ten by twelve feet, and eleven inches thick, hollowed
in the middle. This report without further confirma-
tion must be considered a hoax — at least so far as the
stone steps, pavement, and altar are concerned.

The group of temple-mounds shown in the cut is

Vol. IV. 49

Mississippi Temple-Mounds.


in Washington County, Mississippi. Others similar
in many respects to these are found at Madison,

Temple-mounds are homogeneous and never strati-
fied in their construction, and contain no relics; that
is, the object in their erection was simply to afford a
raised platform, with convenient means of ascent.

Animal -mounds, the second class, are those that
assume in their ground plan various irregular forms,
sometimes those of living creatures, including quadru-
peds, birds, reptiles, fishes, and in a few cases men.
Mounds of this class are very numerous in the north-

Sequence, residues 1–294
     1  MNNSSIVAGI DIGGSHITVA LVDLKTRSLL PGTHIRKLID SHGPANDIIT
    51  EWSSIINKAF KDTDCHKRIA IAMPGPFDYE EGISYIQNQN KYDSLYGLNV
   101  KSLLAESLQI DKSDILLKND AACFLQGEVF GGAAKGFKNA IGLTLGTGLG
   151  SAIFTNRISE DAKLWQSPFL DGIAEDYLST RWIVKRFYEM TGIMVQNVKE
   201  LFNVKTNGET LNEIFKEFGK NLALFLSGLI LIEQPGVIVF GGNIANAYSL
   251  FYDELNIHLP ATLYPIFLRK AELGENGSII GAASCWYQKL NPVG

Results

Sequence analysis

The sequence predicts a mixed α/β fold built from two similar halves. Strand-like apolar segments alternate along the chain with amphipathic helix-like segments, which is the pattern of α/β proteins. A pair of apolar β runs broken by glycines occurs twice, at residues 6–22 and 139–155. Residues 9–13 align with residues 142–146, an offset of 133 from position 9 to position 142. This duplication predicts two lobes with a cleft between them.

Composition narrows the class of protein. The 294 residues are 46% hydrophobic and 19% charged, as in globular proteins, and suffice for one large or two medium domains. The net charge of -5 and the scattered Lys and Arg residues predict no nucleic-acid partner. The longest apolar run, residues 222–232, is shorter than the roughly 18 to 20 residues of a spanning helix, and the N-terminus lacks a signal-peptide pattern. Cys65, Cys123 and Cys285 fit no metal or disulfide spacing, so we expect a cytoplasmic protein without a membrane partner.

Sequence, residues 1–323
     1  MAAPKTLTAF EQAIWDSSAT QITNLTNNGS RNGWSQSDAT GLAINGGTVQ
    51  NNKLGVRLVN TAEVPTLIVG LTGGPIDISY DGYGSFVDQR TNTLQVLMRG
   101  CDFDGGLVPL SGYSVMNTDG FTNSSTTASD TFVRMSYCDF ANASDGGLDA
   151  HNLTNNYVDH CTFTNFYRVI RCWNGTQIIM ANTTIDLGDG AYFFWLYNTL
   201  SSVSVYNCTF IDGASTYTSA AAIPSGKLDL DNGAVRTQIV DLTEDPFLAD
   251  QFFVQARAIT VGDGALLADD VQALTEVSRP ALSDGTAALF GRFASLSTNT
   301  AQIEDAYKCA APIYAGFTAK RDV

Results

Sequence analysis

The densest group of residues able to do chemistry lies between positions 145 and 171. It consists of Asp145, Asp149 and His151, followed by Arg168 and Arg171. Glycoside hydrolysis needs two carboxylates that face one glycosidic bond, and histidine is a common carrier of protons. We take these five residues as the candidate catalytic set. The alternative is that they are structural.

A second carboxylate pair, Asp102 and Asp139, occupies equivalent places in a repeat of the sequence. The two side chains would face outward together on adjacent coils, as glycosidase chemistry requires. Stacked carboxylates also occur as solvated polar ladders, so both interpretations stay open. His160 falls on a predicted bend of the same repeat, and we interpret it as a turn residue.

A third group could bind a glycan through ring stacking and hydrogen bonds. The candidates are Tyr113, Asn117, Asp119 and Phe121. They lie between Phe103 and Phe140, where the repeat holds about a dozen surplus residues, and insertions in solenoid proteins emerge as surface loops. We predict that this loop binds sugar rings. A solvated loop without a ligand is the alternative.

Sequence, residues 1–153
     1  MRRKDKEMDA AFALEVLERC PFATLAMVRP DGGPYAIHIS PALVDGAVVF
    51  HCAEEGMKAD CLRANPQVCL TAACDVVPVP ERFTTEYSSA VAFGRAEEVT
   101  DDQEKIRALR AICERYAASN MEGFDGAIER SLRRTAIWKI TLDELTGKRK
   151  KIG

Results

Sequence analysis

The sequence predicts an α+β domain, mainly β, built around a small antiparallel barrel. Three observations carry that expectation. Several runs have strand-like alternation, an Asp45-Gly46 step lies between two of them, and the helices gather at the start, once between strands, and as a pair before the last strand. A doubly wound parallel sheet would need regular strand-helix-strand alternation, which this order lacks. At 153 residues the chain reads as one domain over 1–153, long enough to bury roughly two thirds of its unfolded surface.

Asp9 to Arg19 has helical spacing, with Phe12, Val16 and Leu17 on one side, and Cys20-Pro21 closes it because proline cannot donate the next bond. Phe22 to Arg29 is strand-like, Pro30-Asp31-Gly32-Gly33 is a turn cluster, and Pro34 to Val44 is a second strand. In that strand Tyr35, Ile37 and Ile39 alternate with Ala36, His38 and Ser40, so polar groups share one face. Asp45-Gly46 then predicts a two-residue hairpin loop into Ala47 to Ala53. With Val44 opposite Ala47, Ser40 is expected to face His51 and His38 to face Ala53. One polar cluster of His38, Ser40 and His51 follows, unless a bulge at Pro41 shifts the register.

west, particularly in Wisconsin, and rarely occur
further south, although there are a few excellent
specimens in Ohio. They are most abundant in fer-
tile valleys and rarely occur on the lake shore. Nine
tenths of them are simple straight, curved, or crooked
embankments of irregular form, slightly raised above
the surface, bearing no likeness to any natural object.
In many, fancied to be like certain animals, the re-
semblance is imaginary. Those shaped like a taper-
ing club, with two knobs on one side near the larger
end— a very common figure — are called 'lizard-
mounds;' add two other protuberances on the oppo-